In the award-winning author’s preface, Jerry Craven relates that his novel The Wild Part came from memory “filtered through imagination.” The author manages the difficult task of capturing a boy’s point of view; some of Don’s views are from movies with which his companion, a native girl, isn’t familiar. The Wild Part is multi-layered fiction for youth and adults about Don and Rosita that begins when they leave their village of El Tigrito to catch a ride to a village to see a shrunken head supposedly hung in a shop; they end up in the interior of Venezuela.
Rosita is a strong native girl who knows how to live off the land and tells Don: “Where there are frogs, there will be snakes. We should climb a tree to keep above the snakes.” Don worries about his family who are probably looking for him but after all their adventures, wonders if instead of returning home, they should return to the jungle where Rosita wouldn’t be laughed at.
The point of view is the coming of age boy reminiscent of Huckleberry Finn and his travels with the slave, Jim. Rosita wisely concludes near the end of the novel, “People are the strangest animals in the jungle” and refers to Evita Peron many times as someone held in high regard by her people. The novel that shows instead of tells, can be read as an adventure story by young adults and as a novel exploring wider questions such as the role of women, faith, good and evil, society, equally resonant to adults: it whispers and avoids shouting. Like Nathaniel Hawthorne’s allegory, Young Goodman Brown which also starts at dusk in the wilderness, it’s a journey into self-scrutiny.
Rosita’s suggestions for living off the land are especially appealing, such as catching water with a large leaf, and one of the children drinking while the other watches for anaconda.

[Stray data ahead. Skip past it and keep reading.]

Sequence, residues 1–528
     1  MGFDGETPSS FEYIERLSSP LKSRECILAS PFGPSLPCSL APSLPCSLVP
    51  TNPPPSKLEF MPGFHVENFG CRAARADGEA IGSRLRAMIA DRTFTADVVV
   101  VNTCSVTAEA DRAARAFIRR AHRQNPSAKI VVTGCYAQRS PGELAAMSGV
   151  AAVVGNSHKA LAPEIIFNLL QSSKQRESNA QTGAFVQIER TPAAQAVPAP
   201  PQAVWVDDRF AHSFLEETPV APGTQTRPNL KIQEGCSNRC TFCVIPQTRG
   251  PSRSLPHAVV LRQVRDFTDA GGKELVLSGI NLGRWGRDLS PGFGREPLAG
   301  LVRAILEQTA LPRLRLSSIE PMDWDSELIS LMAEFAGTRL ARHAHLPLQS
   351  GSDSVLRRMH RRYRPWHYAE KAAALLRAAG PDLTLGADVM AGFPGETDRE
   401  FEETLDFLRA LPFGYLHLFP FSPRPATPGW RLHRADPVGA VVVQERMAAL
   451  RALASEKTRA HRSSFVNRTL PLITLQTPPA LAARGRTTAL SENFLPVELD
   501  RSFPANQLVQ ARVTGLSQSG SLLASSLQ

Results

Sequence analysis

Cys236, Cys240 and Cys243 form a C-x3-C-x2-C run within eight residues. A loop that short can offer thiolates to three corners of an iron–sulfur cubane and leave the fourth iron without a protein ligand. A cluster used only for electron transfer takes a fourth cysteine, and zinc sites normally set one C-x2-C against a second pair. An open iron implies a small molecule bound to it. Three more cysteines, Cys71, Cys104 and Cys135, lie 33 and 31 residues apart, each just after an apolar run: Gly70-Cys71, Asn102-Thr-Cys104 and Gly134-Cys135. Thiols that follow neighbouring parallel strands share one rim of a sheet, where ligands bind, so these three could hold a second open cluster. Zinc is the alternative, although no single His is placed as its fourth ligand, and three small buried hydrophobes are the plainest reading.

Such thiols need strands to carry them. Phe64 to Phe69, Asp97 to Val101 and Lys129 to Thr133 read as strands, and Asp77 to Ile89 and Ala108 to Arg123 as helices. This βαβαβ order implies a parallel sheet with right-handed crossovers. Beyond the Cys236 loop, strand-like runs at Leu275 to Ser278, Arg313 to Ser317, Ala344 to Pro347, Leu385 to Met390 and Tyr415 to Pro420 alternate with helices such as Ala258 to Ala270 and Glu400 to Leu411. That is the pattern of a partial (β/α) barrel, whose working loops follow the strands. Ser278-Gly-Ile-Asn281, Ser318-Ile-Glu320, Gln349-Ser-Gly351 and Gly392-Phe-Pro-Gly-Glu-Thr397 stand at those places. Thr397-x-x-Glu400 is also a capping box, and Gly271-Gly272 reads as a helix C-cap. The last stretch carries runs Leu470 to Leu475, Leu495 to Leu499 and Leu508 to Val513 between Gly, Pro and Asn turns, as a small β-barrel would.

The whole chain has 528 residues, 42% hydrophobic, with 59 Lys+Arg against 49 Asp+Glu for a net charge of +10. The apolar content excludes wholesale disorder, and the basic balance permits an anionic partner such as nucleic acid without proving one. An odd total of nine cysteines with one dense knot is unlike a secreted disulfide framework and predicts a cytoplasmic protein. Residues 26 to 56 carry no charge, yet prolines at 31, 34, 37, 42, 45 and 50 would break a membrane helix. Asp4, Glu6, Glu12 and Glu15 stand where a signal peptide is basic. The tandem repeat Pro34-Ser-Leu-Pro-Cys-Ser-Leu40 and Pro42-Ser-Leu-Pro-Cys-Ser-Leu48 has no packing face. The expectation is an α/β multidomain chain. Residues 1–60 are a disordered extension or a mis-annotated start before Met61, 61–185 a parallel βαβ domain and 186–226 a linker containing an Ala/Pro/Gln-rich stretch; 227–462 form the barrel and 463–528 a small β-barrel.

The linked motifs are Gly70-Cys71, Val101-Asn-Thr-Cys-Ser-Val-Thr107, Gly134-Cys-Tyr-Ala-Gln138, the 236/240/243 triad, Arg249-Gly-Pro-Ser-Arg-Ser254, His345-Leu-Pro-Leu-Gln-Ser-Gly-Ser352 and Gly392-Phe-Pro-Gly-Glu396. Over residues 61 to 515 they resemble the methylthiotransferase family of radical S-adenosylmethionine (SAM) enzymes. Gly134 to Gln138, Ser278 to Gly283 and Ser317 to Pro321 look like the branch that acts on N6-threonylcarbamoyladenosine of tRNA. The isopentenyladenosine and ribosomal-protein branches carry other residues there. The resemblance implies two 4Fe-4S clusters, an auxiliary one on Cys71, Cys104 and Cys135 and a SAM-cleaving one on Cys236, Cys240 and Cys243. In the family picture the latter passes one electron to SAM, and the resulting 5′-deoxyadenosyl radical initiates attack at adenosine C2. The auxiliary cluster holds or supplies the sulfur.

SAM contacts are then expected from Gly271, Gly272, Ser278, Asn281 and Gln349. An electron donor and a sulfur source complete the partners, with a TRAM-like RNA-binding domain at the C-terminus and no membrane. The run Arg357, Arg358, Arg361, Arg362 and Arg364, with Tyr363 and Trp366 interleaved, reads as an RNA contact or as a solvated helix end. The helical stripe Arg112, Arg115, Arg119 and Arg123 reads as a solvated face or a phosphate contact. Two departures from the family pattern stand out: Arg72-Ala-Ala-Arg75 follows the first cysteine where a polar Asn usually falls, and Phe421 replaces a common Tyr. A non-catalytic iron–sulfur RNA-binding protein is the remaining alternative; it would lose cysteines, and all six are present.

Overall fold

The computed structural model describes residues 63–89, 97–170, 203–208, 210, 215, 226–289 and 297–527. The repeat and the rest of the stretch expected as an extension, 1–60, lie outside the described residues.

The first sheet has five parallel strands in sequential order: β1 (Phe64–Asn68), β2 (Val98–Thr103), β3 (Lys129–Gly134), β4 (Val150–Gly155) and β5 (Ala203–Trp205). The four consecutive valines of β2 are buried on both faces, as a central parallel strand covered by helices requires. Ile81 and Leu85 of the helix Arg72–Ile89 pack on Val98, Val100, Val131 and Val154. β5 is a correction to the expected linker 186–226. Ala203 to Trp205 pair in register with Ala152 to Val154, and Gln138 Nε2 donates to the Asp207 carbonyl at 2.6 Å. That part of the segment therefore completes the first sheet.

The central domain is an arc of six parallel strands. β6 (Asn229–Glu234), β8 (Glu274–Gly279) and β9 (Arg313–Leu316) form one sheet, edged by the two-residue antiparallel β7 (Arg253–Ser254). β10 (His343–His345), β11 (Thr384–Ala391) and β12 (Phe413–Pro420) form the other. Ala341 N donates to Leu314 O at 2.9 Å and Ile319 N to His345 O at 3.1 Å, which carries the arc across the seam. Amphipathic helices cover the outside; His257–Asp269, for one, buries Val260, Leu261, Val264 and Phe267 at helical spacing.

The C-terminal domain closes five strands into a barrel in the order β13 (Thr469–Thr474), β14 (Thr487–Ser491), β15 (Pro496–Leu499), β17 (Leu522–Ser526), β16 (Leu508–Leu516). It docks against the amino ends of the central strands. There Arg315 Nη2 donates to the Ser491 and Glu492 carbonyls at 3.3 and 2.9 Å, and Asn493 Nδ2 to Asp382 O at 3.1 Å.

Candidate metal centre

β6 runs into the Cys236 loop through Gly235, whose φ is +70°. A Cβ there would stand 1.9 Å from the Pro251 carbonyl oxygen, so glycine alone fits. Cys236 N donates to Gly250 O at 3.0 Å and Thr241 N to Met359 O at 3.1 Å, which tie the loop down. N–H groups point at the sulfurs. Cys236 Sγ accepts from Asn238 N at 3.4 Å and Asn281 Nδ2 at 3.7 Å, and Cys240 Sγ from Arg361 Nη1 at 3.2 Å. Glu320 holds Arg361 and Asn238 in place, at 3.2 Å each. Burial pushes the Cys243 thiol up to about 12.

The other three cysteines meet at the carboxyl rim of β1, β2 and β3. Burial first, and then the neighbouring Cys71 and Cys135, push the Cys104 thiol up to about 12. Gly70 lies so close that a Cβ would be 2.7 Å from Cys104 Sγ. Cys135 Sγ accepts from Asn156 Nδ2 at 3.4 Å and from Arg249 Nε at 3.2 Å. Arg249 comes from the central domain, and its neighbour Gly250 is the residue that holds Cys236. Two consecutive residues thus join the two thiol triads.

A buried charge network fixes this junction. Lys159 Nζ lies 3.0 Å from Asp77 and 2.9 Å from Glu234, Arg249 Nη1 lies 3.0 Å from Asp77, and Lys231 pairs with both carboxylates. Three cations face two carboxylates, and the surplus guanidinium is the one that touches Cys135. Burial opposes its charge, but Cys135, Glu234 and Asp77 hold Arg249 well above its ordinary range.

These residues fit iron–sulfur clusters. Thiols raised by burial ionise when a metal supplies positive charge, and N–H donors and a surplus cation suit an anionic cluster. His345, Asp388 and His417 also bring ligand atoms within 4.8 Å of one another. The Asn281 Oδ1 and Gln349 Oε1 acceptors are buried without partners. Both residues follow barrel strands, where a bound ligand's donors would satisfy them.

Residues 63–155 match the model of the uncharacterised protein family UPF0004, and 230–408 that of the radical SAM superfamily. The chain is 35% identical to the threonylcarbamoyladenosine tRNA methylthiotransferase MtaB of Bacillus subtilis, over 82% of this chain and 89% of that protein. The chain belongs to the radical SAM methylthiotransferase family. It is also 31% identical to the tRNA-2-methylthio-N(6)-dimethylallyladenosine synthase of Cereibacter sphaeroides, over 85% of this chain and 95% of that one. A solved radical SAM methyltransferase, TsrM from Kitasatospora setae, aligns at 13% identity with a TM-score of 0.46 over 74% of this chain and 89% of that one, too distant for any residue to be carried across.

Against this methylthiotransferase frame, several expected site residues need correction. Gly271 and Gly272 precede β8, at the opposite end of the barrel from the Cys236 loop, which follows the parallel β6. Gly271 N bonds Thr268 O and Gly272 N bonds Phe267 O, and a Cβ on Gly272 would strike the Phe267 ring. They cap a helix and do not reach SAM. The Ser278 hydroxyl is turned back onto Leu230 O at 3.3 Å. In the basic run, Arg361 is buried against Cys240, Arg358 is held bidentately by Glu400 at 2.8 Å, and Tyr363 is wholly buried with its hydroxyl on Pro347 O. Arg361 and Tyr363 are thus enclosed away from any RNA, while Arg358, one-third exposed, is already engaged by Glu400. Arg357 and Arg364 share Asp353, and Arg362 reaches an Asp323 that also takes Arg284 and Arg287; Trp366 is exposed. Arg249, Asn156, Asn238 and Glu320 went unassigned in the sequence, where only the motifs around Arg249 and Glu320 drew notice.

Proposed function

Don can speak Spanish and they run across a wide variety of characters from miners to witches. Humor is evident as in the chapter when the main characters discuss the best way to deal with bats, vampires, and coffins: the way that each of them deals with the unfolding of events shows their character and their assumed roles of blond boy and dark- haired girl.
I would have liked to have learned more about the lives of the two main characters before they began their trip—what their families, home, and village were like, and something about how their trip related to their future: more development of the other people in the novel also would give contrast to events.
At the end of the paperback are helpful discussion questions for teachers and book club leaders, such as ways the novel evokes the Garden of Eden. There are important questions about faith, God, and a variety of native snakes that appear in different scenes; the novel brought to mind Joseph Conrad’s Heart of Darkness and its questions about civilized society, racism, and its use of snake symbolism in pilgrim passages.
The novel won Foreword’s Book of the Year Wards Indiefab Finalist for Best Novel of the Year in two categories. The same author also wrote Saving a Songbird and Other True Stories from Texas to Venezuela.exas to Venezuela.
Carol Smallwood has appeared in: The Writer's Chronicle and English Journal. Some anthologies she edited include: Library Services for Multicultural Patrons: Strategies to Encourage Library Use (Scarecrow Press 2013); Bringing the Arts into the Library: An Outreach Handbook (American Library Association, 2014).